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Maersk service to southern India a success, but freight rates remain high

Maersk is prepared to adjust services depending on what customers demand and what the overall logistics ecosystem can offer, but freight rates continue to remain high.
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Last year in August, Maersk launched a weekly eight-vessel string named ME7. This was launched from the Ennore port near Chennai. 

Each ship carries a capacity of 6500 TEU on a rotation of Ennore, Colombo, Salalah, Algeciras, Felixstowe, Rotterdam, Bremerhaven, Jeddah, Salalah, Colombo, and back to Ennore. Maersk line is somewhat hopeful after building a stable direct connection to the Southern India market.

“Our ME7 direct service has been very well received by our customers, especially in the lifestyle and retail segment,” Maersk (India) told The Loadstar.

Maersk calls ME7 an “antidote” to the ever-existing shipping related problems in India’s east coast. They had suffered from the shortage of direct shipping connections, which forced cargo owners to depend on other trans-shipment options such as Colombo, Singapore and Port Klang.

ME7 provides a direct source of volumes for Adani Ennore Container Terminal (AEDC), which had struggled before to attract long-haul liner customers due to tax-related issues. It served as an alternative for congested Chennai Terminals and handled the vehicle export movements.

“We are constantly monitoring developments in global supply chains and are in touch with our customers to better understand their requirements,” said Maersk, “and are prepared to adjust services depending on what customers demand and what the overall logistics ecosystem can offer.”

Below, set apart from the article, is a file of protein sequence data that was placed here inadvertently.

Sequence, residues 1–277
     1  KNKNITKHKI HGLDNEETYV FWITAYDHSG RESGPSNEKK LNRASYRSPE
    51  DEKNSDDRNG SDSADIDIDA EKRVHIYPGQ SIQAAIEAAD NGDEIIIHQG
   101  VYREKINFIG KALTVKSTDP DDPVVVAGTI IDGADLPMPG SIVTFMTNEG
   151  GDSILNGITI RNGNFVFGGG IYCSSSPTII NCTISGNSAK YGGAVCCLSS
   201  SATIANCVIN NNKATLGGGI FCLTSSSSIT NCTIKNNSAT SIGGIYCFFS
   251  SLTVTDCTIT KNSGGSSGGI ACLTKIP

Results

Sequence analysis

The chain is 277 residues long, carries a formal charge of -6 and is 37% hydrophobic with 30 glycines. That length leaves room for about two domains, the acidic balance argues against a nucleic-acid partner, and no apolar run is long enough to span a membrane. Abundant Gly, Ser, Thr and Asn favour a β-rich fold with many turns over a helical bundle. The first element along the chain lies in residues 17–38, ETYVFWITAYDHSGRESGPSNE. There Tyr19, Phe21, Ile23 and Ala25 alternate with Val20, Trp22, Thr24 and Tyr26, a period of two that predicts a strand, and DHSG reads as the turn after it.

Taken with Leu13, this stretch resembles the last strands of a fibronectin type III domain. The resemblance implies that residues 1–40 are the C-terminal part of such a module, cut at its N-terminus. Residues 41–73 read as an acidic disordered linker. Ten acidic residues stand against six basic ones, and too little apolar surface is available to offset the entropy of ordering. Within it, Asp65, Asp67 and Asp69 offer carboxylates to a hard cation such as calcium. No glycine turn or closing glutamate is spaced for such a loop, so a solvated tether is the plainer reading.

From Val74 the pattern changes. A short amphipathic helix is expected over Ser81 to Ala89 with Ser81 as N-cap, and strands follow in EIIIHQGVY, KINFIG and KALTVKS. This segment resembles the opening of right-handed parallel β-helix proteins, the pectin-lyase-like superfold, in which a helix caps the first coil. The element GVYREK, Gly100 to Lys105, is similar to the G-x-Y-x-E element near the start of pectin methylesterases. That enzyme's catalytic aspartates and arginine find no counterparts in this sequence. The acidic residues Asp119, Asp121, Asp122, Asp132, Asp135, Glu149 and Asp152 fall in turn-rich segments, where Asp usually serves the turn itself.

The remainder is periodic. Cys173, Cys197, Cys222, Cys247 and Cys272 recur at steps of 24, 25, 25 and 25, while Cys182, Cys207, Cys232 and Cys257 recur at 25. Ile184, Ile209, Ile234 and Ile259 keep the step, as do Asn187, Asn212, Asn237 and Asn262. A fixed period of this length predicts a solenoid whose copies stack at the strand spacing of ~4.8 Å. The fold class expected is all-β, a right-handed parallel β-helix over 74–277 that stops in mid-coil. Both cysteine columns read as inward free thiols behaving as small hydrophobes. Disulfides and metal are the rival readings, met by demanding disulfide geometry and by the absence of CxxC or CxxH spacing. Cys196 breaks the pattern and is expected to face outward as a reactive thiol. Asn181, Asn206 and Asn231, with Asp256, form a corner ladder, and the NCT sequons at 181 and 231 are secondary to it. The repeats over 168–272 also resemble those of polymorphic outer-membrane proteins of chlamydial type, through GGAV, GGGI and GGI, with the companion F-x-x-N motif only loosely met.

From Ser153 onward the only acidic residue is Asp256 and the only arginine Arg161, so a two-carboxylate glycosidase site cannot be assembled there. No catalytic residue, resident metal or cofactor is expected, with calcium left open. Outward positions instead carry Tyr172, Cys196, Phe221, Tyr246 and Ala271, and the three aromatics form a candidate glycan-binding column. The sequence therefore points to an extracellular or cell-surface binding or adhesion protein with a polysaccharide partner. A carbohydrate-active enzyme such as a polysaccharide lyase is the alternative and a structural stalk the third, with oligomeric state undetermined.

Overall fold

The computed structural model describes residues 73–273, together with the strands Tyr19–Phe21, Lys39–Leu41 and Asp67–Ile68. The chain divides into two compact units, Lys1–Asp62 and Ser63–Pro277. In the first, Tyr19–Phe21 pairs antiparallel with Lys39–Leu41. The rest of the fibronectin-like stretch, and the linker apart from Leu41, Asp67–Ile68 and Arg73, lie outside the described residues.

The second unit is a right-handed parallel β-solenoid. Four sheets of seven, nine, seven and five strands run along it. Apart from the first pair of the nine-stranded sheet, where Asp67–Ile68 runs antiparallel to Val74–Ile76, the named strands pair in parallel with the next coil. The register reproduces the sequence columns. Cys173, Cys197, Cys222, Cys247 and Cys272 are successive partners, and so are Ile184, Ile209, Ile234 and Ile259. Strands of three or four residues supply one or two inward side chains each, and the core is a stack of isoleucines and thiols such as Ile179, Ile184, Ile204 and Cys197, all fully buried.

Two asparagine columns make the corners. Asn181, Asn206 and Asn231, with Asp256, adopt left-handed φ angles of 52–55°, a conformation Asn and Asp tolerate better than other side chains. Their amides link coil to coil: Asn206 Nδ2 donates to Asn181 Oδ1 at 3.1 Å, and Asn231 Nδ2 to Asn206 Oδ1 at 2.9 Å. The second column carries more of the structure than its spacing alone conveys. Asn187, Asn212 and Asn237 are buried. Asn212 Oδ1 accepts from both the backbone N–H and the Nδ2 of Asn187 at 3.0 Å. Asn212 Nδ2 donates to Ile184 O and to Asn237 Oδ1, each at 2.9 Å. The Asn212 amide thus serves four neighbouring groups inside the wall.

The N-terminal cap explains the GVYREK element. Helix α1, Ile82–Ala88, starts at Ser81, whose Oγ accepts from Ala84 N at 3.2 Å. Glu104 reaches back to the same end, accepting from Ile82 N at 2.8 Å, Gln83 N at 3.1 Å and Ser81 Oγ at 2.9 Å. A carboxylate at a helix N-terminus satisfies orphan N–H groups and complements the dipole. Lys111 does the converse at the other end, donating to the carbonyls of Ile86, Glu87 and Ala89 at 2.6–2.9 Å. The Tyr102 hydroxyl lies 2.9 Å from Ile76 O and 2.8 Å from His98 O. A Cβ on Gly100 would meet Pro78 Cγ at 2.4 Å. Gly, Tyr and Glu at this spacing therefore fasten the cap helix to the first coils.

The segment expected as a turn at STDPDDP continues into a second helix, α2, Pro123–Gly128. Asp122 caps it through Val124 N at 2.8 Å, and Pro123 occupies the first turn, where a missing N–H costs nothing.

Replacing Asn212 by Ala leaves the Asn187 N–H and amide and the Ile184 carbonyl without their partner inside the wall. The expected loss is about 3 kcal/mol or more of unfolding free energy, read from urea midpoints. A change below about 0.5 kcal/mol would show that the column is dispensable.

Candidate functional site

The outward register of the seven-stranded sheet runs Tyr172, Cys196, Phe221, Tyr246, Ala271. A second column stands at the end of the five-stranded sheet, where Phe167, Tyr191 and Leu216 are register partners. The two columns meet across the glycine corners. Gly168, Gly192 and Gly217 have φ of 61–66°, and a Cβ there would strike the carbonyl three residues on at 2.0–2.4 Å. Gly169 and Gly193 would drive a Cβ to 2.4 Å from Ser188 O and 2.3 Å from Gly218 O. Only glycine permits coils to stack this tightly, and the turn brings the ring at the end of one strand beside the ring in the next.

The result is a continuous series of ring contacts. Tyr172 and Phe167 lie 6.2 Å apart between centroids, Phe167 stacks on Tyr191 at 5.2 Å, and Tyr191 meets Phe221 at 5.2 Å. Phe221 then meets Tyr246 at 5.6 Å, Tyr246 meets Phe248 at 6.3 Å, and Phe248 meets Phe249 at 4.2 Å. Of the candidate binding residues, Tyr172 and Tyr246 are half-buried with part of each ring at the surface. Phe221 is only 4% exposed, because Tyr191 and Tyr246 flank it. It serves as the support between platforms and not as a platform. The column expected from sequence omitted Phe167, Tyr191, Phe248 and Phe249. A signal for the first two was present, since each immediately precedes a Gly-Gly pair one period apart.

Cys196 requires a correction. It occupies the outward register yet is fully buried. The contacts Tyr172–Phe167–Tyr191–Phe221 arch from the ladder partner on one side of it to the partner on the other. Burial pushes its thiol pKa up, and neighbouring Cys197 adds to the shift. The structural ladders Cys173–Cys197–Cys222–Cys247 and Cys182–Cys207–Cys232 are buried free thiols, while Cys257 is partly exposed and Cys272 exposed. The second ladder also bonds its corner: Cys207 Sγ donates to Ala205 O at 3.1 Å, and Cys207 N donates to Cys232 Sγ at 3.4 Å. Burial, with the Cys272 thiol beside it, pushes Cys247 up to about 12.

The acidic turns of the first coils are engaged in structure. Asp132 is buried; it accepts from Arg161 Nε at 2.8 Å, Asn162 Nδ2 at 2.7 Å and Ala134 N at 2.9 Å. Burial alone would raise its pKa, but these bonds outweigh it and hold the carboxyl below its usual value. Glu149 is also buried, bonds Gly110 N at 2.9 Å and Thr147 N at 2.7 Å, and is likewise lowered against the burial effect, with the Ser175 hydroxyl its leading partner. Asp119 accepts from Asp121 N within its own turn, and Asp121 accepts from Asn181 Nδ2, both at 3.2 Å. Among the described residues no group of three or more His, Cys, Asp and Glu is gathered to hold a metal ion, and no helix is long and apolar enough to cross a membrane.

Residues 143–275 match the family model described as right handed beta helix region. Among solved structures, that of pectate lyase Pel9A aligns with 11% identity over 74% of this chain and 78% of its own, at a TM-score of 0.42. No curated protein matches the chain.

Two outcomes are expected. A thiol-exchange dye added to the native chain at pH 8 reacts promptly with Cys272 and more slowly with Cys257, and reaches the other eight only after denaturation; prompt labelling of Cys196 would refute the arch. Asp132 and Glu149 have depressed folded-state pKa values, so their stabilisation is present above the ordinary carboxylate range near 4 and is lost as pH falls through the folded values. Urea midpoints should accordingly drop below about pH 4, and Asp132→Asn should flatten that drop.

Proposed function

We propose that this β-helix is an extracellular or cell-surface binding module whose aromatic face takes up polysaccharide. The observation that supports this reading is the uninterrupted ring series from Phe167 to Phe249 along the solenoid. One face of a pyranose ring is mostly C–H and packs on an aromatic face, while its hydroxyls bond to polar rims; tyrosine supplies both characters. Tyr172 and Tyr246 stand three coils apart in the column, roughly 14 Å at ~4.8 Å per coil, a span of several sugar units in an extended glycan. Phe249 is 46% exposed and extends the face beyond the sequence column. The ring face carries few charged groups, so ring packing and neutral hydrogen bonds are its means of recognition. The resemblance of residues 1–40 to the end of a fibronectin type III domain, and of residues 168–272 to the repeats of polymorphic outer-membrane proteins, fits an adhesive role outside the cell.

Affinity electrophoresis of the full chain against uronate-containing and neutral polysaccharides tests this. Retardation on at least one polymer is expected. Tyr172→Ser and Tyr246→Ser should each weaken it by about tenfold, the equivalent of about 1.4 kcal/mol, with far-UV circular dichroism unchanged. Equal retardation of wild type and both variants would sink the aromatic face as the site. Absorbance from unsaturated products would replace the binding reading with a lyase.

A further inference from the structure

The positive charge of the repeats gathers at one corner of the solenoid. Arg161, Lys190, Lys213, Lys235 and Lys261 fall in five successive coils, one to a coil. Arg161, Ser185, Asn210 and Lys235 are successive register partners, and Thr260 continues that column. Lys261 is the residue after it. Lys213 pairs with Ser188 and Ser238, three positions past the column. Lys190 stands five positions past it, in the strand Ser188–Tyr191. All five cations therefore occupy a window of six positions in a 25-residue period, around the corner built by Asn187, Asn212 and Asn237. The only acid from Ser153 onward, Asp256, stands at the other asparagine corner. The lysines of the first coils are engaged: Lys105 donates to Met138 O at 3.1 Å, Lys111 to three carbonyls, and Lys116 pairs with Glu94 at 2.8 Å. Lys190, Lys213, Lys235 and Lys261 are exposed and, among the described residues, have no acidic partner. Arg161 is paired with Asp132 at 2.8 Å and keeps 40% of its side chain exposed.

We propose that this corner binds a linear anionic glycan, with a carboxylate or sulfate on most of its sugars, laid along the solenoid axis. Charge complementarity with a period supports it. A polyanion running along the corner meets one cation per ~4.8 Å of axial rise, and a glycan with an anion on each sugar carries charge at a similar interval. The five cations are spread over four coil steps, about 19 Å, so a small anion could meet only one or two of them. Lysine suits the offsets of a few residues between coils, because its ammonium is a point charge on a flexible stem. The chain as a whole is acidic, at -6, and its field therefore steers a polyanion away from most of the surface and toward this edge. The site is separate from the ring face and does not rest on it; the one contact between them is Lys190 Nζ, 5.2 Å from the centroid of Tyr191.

However, the freight rate levels have been witnessing a continuous upsurge, and it would even grow as a more significant concern due to the more surcharges in the future.

In fact, on the 15th of February, CMA CGM will begin to charge an overweight surcharge (OWS) on cargo booked from North Europe, the Mediterranean, Black Sea and Adriatic for north/west India on its premium EPIC1 & EPIC2 services. The new cost will be $200 per dry container, weighing over 15 tons, including tare. 

The French Liner states that this surcharge is necessary to maintain reliable and efficient services to the customers. But this upsurge in the rate levels has resulted in the backing off of many Indian exporters.

Source : The Maritime Post

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